Uncertainty Abounds Around Climate Science Funding
The much-anticipated release Thursday morning of President Trump’s budget outline offered big headlines — a $1.1 trillion spending plan with massive cuts to the EPA, the State Department and other agencies to help pay for increased spending on the military and border security — but it offered scant specifics on what might happen to funding for climate science research across key government agencies.
The proposed budgets for NASA and the National Oceanographic and Atmospheric Administration had mostly vague mentions of reduced funding for certain satellite programs and research grants. There was no mention at all of the budget for the National Science Foundation, another major research funder.
The budget blueprint leaves the climate science community in much the same limbo it has been in since the election, with concerns that major reductions in climate funding are in store, particularly given the rhetoric of Trump and his administration officials.
“We’re not spending money on that anymore. We consider that to be a waste of your money.” Office of Management and Budget director Mick Mulvaney said of climate science funding at Thursday afternoon’s press briefing.
Science funding as a whole makes up only 1 percent of the federal budget and has declined slightly since 2010, according to the American Geophysical Union.
More specifics on how the Trump administration wants to pare the budget will come with the fleshed out budget that is slated to be released later in the spring. Those cuts are only proposed ones, though, as Congress ultimately decides who gets what money, a process that will play out over the coming months and into summer.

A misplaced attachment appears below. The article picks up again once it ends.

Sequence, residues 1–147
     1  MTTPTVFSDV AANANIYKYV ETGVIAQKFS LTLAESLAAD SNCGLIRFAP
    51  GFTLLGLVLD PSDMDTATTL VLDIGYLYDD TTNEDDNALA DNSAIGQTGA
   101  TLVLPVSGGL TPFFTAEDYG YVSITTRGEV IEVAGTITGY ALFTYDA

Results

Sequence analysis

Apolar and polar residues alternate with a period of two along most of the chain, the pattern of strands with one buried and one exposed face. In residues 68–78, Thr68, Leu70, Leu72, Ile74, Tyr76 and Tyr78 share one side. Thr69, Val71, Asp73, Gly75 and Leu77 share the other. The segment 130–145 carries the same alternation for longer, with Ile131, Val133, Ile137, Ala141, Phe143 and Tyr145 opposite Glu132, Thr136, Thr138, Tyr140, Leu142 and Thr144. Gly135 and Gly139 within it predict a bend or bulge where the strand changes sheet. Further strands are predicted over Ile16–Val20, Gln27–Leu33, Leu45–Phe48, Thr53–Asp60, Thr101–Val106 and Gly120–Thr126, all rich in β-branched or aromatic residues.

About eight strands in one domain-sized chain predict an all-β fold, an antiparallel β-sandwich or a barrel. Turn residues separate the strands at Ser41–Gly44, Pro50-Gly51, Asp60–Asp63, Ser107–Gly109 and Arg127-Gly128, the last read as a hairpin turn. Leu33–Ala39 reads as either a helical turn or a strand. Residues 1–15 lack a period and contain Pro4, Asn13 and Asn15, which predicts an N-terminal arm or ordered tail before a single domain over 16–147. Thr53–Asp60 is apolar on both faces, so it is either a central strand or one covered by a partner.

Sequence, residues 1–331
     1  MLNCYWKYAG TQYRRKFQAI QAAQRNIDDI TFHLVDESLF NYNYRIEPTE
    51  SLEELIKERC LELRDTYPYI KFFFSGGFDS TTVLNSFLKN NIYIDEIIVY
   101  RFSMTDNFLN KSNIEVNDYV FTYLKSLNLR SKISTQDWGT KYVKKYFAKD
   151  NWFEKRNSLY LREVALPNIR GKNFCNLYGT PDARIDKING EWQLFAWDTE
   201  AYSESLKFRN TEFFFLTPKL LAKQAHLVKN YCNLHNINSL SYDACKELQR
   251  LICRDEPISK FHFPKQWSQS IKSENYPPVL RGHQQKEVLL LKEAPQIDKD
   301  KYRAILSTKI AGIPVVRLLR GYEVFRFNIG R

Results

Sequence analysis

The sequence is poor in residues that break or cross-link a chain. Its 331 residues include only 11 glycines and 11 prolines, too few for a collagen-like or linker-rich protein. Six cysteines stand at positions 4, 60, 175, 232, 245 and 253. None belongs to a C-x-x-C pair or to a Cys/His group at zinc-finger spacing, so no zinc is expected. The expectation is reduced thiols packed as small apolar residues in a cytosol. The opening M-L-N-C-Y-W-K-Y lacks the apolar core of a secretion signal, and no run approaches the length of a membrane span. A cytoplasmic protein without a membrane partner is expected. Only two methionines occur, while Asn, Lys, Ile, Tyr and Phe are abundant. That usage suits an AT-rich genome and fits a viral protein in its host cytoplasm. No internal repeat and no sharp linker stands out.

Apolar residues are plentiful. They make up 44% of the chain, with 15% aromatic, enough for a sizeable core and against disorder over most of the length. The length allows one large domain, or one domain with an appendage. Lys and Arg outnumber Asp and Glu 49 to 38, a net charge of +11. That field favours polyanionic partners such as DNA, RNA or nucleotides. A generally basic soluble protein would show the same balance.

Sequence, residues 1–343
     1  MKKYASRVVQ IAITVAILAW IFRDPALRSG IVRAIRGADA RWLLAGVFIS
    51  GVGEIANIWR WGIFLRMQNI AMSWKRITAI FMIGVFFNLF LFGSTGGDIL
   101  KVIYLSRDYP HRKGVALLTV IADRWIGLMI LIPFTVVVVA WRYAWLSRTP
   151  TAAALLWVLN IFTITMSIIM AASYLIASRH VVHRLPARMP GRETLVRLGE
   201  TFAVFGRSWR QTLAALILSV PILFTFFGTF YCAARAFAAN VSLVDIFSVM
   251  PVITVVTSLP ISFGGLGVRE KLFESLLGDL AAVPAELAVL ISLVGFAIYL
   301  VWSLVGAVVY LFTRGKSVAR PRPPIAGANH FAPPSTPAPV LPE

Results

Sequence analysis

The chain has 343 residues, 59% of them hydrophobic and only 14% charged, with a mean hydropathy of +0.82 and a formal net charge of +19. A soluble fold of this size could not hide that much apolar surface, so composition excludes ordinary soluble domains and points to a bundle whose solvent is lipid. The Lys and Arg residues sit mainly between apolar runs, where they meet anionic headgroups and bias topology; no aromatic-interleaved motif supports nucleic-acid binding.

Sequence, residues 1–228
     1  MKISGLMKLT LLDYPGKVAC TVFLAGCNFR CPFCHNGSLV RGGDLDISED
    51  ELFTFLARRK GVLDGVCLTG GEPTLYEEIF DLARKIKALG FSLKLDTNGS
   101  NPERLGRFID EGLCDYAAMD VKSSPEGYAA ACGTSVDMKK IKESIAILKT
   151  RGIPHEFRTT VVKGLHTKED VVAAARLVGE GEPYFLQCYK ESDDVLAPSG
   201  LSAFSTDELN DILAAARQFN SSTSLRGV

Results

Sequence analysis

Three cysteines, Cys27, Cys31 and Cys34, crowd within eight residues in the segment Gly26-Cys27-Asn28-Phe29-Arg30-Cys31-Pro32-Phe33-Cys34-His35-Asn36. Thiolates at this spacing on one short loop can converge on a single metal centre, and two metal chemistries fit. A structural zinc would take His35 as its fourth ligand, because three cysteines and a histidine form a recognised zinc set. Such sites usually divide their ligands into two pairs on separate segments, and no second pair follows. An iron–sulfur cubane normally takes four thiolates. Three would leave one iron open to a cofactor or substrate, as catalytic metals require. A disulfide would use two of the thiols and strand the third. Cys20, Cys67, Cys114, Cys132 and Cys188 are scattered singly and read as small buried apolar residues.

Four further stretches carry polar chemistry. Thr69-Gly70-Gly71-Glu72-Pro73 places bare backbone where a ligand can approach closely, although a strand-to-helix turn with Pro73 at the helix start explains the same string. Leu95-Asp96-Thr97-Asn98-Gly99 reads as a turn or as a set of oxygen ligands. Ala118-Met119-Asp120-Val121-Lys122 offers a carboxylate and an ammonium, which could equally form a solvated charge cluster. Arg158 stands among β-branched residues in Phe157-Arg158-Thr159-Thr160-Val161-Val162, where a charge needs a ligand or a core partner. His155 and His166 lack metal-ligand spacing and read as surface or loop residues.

“This is only the proposed [budget] and things can change a lot between now and when there’s a real budget,” Bill Gail, co-founder and CTO of the Global Weather Corporation and a former president of the American Meteorological Society, said. “We all have to be careful not to jump too high.”
Others, though, are gearing up to make the case for preserving climate science funding to officials in Congress.
“We are counting on Congress to realize that these kind of proposals are not a blue state or red state issue . . . to recognize that it would do really serious harm to us if they sustain this level of funding cuts,” Christine McEntee, executive director and CEO of the AGU, said.
The first inklings of potential impacts on climate science came when the Washington Post obtained a budget planning document two weeks ago that indicated NOAA’s satellite and research divisions could see their budgets slashed. The reports drew swift condemnation from meteorologists and climate scientists who warned that such cuts would significantly hamper efforts to improve weather forecasting and climate projections. Some saw it as targeted retaliation for some of the climate research NOAA has conducted.
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The budget outline released Thursday, though, was more vague — the only specific mentions were the zeroing out of coastal and marine management and research and the Sea Grant program, which provides funding for local communities for coastal resilience.
The outline said that the budget “maintains development” of two key satellite programs — the Joint Polar Satellite System and Geostationary Operational Environmental Satellite — because of their necessity in weather forecasting. The budget also “achieves annual savings” to Polar Follow On satellite program, according to the document. That program is tasked with developing the next polar satellites.